...painting the town(house) red (and white)
A townhouse in one of the swankier locales of West London has been at the centre of a paint-based palaver, with the ruling in an ongoing court case having just been reached. Mark Underhill, Operational Accounts Manager in Simpson Millar’s Conveyancing Department, has the details.
Red And White Stripes
Three-storey townhouses in the upmarket borough of Kensington and Chelsea are a common sight, like stripy beach huts on a windswept shoreline. What are less common are three-storey townhouses that share the same colour scheme as those stalwart protectors of Great British modesty.
In fact, so rare is the occasion of a red and white-striped townhouse on the prohibitively priced pavements of Kensington that when one does appear, all hell breaks loose.
The hero/villain of the piece – depending upon your outlook – is the expensively named Zipporah Lisle-Mainwaring, a property developer who riled the neighbours in 2015 when she had the front of her property repainted. Looking like one of Peter Crouch’s Stoke City shirts hung out to dry, the new paint job was impossible not to see, uniting the residents of South End, Kensington, in their hatred of it and prompting the local authority to take action.
Using the Town and Country Planning Act 1990, notice was served for the house’s front elevation to be repainted within 28 days. Refusing to bow to the council’s demands, Ms Lisle-Mainwaring appealed the order, leading to a day of reckoning at Hammersmith Magistrates’ Court. After they ruled against her, the property developer appealed, this time taking her fight to Isleworth Crown Court. Once again, she was sent packing, this time with a £17,390 flea in her ear for the council’s costs.
Planning Permission Knockback
But Ms Lisle-Mainwaring was no stranger to court action. Immediately prior to commissioning a paint scheme more suited to a stick of Blackpool rock, she had been refused planning permission to knock the townhouse down and rebuild a new residence with a two-storey basement; a proposal that also managed to unite the neighbourhood in their opposition. She denied there was any connection between the timing of the repaint and that of her neighbours’ objections to her plan.
So-called mega-basements have become something of an anathema for the inhabitants of West London’s more exclusive postcodes, raising the ire of residents because of the disruption they cause. Poodle-permed pomp-rock performer, Brian May, has gone so far as to describe his own Kensington enclave as having become a “hellhole” due to the noise, mess and traffic problems the work increasing the sale value of already premium properties creates.
With her plans to demolish and rebuild the townhouse refused, due to the council’s tight restrictions on basement developments of more than one storey, Ms Lisle-Mainwaring challenged the decision but failed to get it overturned.
Judicial Review At The High Court
If at first you don’t succeed, the old saying goes, try, try again; which is what the Switzerland-dwelling property developer did. Following her previous two failures in getting the order to repaint the stripy townhouse dismissed, she sought a judicial review at the High Court in London.
Mr Justice Gilbert, who presided over the case, questioned the council’s decision to issue the notice under section 215 of Town and Country Planning Act, which (through section 216) criminalises those who fail to comply:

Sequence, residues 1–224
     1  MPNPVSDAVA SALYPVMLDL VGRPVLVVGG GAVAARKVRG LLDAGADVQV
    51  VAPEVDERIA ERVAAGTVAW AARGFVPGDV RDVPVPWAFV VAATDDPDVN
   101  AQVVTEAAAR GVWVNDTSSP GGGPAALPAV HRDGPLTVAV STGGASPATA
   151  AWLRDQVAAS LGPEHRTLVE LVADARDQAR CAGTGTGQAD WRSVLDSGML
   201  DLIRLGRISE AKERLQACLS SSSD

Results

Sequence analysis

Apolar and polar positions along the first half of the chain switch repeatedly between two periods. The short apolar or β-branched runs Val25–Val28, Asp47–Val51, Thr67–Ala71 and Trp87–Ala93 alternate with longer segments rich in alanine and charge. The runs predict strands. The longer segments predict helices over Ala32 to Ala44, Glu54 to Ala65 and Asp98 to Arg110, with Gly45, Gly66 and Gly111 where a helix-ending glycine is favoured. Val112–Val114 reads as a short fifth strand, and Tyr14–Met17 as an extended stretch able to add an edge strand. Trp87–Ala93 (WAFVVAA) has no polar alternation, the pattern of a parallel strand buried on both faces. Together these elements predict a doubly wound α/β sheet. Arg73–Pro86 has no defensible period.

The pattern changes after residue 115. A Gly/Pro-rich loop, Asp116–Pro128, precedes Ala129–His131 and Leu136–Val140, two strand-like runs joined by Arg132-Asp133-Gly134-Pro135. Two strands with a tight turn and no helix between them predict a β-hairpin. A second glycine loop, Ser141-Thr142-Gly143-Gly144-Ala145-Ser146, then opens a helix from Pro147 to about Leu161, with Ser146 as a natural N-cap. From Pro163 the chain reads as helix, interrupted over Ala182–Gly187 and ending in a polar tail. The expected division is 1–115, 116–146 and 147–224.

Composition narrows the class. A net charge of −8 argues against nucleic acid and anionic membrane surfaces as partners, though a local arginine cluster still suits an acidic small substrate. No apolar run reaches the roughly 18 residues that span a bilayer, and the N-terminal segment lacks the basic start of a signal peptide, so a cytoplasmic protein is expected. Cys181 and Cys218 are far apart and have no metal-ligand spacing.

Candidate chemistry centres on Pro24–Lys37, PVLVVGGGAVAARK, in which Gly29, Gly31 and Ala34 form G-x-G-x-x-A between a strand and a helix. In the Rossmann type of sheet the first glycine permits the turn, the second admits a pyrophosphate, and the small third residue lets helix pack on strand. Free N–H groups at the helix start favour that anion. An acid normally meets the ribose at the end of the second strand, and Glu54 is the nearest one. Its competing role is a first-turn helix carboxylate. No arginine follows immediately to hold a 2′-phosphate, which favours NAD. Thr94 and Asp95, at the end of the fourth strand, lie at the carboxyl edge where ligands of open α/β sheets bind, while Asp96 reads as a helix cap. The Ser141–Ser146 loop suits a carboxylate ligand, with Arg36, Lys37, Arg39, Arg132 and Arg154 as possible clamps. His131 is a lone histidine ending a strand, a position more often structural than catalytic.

If any owner or occupier of the land on whom the notice was served fails to take steps required by the notice within the period specified […] he shall be guilty of an offence and liable on summary conviction to a fine.
The Judge said:
“To allow a local planning authority (LPA) to use section 215 to deal with a question of aesthetics, as opposed to disrepair or dilapidation, falls outside the intention and spirit of Planning Code.”
He went on to reason that the council had the scope to order the repaint under other sections of the Act, chiefly Section 102, where compensation would be paid to her and no criminal liability would be imposed if she failed to “remove that which had been permitted by law to apply”.
As painting her own property – or paying someone else to do it – was deemed lawful, the order was quashed, allowing the stripes to remain.
“The Crown Court hearing prior to this ruling had made capital of the belief Ms Lisle-Mainwaring had ‘painted the house in stripes as a matter of pique’. The High Court Judge, Mr Justice Gilbart, was right to challenge this finding, affirming that regardless of the property owner’s motives, the particular section (215) of the Planning Act does not entitle the local authority to address them, reinforcing the point that the section doesn’t apply any differently were the ‘garish’ colour scheme either a result of eccentricity or spite.”
“The fact that this whole saga may or may not have stemmed from the original objections to the redevelopment of the property, highlights the importance of getting the proper searches done before spending a considerable sum on buying a house.”
“In this case, Ms Lisle-Mainwaring might’ve discovered beforehand that the local authority had tightened its regulations with regards to building mega-basements and taken her millions elsewhere.”
“In more general terms, the right searches and surveys will ensure you are made aware of any restrictions which may affect your plans for a property, along with planning decisions in the area that might sway your decision to buy.”
“An experienced conveyancing solicitor is crucial to ensure you don’t rush into something you later regret. If you are thinking of buying a property, stripy or otherwise, get in touch with Simpson Millar’s conveyancing team and find out how we can help you.”
Written by Mark Underhill.
For more information on conveyancing and the services offered by Simpson Millar, please call:
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